By Luke Carothers
Stardom and Hollywood are inextricably linked in modern American culture. Located just northwest of downtown Los Angeles, Hollywood has been the epicenter of the American film industry for more than a century. Like most places, Hollywood has changed over time, and its progress has not always been linear. The history of Hollywood as a community is indicative of the very industry it represents in that it speaks of the importance of connection and development.
Three years after Los Angeles was incorporated the first structure was erected in what would later be known as Hollywood, but it wouldn’t be for another 30 years until the area was laid out for larger development. The first plan for the area came in 1887 when Harvey Wilcox–a prohibitionist from Kansas–laid the area out as a real-estate subdivision. In subsequent years, real estate developers such as H.J. Whitley made significant investments in the area, turning it into a wealthy residential neighborhood. 17 years after the area was laid out, it had grown into a bustling community complete with a hotel, post office, and newspaper. In 1803, the population voted to incorporate Hollywood as a municipality, and it was incorporated the following year in 1804.
Despite an immediate boom, the future growth of Hollywood was hampered by the local terrain. Its location between the Santa Monica Mountains and Beverly Hills meant that transportation to the newly established community was limited. At the turn of the 20th century, Hollywood and Los Angeles were separated by almost ten miles of farms, groves, and vineyards. This made travel between the two communities difficult, and infrequent transportation made the arduous journey last up to two hours. Additionally, despite the area having state-of-the-art telephone, gas, and electric utilities, the future growth of the community was severely limited by inadequate access to water.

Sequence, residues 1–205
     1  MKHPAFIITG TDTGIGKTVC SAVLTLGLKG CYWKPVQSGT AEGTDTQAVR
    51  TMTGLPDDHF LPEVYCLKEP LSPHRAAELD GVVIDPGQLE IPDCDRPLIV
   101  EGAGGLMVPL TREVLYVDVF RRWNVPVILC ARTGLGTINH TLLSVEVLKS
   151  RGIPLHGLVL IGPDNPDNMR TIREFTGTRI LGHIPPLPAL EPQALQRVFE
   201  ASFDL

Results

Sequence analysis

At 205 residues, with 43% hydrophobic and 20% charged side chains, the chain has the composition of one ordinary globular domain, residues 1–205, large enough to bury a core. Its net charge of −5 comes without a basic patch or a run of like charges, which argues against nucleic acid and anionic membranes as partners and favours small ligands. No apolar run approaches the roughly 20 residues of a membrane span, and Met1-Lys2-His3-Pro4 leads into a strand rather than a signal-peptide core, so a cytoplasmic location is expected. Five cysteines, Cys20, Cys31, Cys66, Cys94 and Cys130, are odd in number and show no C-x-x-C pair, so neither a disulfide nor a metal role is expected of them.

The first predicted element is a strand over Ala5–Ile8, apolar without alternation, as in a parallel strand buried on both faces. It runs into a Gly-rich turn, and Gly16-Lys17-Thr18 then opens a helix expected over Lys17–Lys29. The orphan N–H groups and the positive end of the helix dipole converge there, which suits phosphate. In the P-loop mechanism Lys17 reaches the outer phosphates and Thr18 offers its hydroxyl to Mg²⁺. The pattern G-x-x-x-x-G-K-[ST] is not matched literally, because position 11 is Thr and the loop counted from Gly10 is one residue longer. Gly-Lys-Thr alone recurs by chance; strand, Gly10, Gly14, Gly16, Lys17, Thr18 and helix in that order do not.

Around this time, the motion picture industry began to establish itself in the then-isolated suburb. In 1908, the Selig Polyscope Company made the decision to move locations for their production of the Count of Monte Cristo. Moving from Chicago, the production selected Hollywood as the place to finish their film. Soon after, film studios began to appear in Hollywood, and, by 1915, it had become the center of the American film industry. With a rise in industry and the population to support it, the leaders of Hollywood had to search for solutions to their lack of critical infrastructure.
At the same time the Count of Monte Cristo was finishing its production, the City of Los Angeles began construction on the Los Angeles Viaduct. This massive infrastructure project–requiring nearly 4,000 workers–was designed to greatly improve the city’s water supply through a 215-mile long conduit system consisting of six reservoirs. Seeing a solution to these infrastructure problems, Hollywood residents voted to consolidate with Los Angeles in 1910. This vote granted Hollywood access to the Los Angeles’ water supply and sewer system, which supported its growing population and industry.
The Los Angeles Viaduct was completed three years after the consolidation vote, and with it, both Los Angeles and Hollywood began to grow rapidly. By the time of the Great Depression, this consolidation would also prove to benefit Los Angeles, as the money generated from the film industry shielded the city from the worst financial effects of the era. And, in the time since, the vast network of groves and vineyards that separated the two communities gave way to a network of streets, highways, homes, and businesses. Likewise, the Los Angeles Viaduct has also expanded, with a new portion completed in 1970.
What remains unchanged, however, is Hollywood’s position as the center for the film industry in the United States. From the modern perspective, this position is unquestioned, but this ubiquity lies at the heart of the common misconception that stars are born that way. In reality, stars need to be supported, cultivated, and empowered to shine to their true potential. Like Hollywood itself, a star needs infrastructure and support to achieve its highest potential and rise above the others. What started as an idea from a Kansas prohibitionist to form a community based on his religious beliefs has changed over time into a center for culture and industry, which has, in turn, influenced not only the development of greater Los Angeles but also the fabric of American culture.
Luke Carothers is the Editor for Civil + Structural Engineer Media. If you want us to cover your project or want to feature your own article, he can be reached at email@example.com.